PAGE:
Minimally Invasive Biopsies
If your mammogram shows an area of suspicion or you find changes or something
unusual in one of your breasts, your health care provider will recommend
a biopsy. Just because you have a biopsy does not mean you have breast cancer.
A biopsy involves removing a sample of tissue and then having it reviewed
under a microscope by a pathologist. Most biopsy results do not indicate
cancer. Noncancerous breast conditions are very common, and they are never
- There are several ways to do a breast biopsy:
Fine-needle aspiration biopsy - A thin needle with a hollow center is inserted into a lump to remove
a sample of cells or fluid.
Core needle biopsy - A hollow needle with a special tip is used to remove a sample of breast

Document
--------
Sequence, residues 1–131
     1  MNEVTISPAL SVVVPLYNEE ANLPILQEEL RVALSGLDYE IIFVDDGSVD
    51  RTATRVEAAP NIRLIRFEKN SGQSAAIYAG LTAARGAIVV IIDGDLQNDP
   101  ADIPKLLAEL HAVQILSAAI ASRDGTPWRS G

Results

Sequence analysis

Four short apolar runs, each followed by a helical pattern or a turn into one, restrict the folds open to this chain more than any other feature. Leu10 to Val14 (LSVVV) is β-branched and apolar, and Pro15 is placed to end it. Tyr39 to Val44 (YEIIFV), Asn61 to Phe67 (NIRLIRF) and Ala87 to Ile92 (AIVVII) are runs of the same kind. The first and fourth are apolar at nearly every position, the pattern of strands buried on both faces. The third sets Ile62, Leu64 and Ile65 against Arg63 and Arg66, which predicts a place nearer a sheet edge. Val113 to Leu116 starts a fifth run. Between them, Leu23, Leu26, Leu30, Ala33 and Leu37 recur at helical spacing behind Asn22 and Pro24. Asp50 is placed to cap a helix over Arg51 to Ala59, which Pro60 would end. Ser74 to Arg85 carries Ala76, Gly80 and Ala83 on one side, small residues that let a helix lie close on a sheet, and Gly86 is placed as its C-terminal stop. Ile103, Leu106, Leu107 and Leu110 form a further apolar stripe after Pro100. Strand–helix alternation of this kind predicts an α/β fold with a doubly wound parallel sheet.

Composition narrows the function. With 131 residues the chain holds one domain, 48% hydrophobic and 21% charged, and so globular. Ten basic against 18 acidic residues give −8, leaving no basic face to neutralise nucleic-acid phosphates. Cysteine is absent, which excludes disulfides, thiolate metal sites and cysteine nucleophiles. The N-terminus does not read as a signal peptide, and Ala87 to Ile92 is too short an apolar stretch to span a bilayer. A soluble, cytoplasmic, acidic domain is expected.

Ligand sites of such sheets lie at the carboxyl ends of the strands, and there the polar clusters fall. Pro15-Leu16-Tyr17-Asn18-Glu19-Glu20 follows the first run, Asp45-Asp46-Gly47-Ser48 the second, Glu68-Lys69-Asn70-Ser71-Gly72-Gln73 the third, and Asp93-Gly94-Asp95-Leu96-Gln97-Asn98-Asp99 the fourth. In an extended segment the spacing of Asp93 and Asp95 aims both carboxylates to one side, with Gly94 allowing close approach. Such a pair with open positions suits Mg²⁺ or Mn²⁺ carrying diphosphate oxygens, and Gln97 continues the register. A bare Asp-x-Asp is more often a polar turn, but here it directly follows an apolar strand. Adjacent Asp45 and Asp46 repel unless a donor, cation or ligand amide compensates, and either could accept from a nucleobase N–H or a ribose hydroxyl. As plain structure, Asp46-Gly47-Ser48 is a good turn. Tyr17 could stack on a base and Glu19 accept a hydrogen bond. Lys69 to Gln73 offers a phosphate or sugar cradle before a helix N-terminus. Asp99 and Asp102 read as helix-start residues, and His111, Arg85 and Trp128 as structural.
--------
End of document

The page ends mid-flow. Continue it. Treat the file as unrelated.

tissue about the size of a grain of rice.
Vacuum-assisted core biopsy - A special probe that uses a gentle vacuum to remove a small sample of
Open (surgical) biopsy - A small incision is made in the skin and breast tissue to remove all
or part of a lump.
If needed, an ultrasound or MRI may be used to guide the biopsy needle.
Your doctor may decide to use a computer to locate the exact spot for
the biopsy sample using images from mammograms that have been taken from
two angles (stereotactic needle biopsy). A fine wire, clip or marker also
may be used to mark the site.